A credit score is a three-digit number that can determine whether a loan application is accepted. Borrowers with lower credit scores are often charged higher rates of interest.
Of course, we don’t do that at Central Liverpool Credit Union. We prefer to see our members as human beings, not numbers. We obtain credit scores, but a low score is not a reason to turn someone down. And we never charge a borrower more because of their score. Past savings and loan repayment histories are more important.
But better scores do help people get better deals on bills, like phones, gas or electricity.
Obtaining your credit report
Individuals can contact Experian,Equifax, or TransUnion to obtain a copy of their statutory credit report. This, usually free, copy of a credit file is different from the subscription services a borrower can also sign up to. Terms and conditions should be read carefully. Obtaining a more detailed report sometimes comes with monthly fees and marketing from lenders.
The Money Advice Service has produced information about checking your credit report.
There are many factors that determine whether your score is bad, fair, good or excellent. A score can vary from month to month.
We’ve listed five things a borrower can do to improve their score below.
Improving a credit score
Everyone is different. The tips provided below are a general overview of actions an individual can take to improve a credit score. The Money Advice Service also has a guide to improving a credit score.
1.Pay everything on time
Most Credit Reference Agencies report a series of numbers next to a credit account. An account ‘status’ of ‘0’ shows payments are up to date. A status of ‘1’ shows that the account is one month in arrears. If you miss several payments in a row, the account might show as a default. Defaults can reduce a credit score significantly.
If credit accounts are paid on time this improves a credit score. Points are deducted for missed payments.
It’s important to note that different kinds of services are considered to be credit accounts, including gas, electricity and mobile phone accounts. Some landlords and water companies might report rent arrears to a Credit Reference Agency. Stopping paying a mobile phone contract can result in a default which significantly harms a credit score.
2.Have plenty of accounts
Lots of up to date accounts helps. Borrowers managing multiple commitments with payments on different days shows commitment and ability to repay. But beware. Owing too much compared to income might show that a borrower is over-committed. This can then reduce the credit score.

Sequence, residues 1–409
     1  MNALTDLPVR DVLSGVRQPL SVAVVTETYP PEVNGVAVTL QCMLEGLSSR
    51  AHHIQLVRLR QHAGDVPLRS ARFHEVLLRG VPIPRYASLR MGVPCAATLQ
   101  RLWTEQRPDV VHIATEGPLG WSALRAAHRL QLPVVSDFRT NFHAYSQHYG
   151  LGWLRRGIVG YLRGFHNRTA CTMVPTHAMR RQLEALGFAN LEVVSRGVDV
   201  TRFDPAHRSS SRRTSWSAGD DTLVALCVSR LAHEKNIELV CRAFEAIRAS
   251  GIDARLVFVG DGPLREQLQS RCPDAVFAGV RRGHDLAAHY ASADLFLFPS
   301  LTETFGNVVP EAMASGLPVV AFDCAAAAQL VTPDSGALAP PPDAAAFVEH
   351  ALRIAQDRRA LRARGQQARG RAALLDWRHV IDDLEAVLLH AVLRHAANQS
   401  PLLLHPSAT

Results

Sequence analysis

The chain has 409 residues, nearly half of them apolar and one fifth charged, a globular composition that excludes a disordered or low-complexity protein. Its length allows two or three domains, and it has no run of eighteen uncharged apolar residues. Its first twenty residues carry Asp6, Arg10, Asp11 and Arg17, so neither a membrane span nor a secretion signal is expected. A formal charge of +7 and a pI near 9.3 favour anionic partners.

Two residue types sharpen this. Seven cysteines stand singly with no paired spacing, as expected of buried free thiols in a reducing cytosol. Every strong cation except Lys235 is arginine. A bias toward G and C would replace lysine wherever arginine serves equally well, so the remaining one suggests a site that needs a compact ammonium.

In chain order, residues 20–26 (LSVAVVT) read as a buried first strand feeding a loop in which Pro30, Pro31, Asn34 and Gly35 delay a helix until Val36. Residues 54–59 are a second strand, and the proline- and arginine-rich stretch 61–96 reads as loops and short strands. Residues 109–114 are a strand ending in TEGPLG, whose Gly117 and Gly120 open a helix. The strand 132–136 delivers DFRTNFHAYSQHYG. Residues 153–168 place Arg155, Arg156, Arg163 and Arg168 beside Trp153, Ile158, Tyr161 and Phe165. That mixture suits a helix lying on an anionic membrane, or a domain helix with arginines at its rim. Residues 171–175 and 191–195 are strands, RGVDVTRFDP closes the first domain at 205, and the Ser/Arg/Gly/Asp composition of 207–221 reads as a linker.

Interestingly if someone has very few accounts, perhaps because they’ve never needed to borrow before, the credit score is unlikely to be very high. This is because there’s no record of them being able to pay a debt back.
3. Only use a small proportion of credit card and overdrafts
A credit score can increase when credit is available but unused. This suggests that a borrower uses credit cards and overdrafts to manage peaks in expenditure, rather than spending on items that they cannot really afford. Borrowers constantly at their limits will see their credit scores fall. For example, a credit card with a limit of £500 and a balance of £50 will help with the score. But a balance of £450 will probably be driving the score down.
4. Re-register on the electoral roll
It is a criminal offence not to register to vote. But rolling registration has made this harder. Voters must register each year. If they don’t, they will drop off the register. The electoral roll is reported to all the Credit Reference Agencies, even if the voter has opted out of the public register. It is used to help prove identity. It shows stability in residency.
You can register to vote online.
5. Stay put; don’t move home, don’t move job
Lenders like stability. Knowing someone is staying where they live make it easier to maintain contact with a debtor. The likelihood of someone running away on their debt reduces. Long residency applies to people renting their home as well as those with mortgages. But people in rented accommodation will rarely have credit scores as good as owner-occupiers.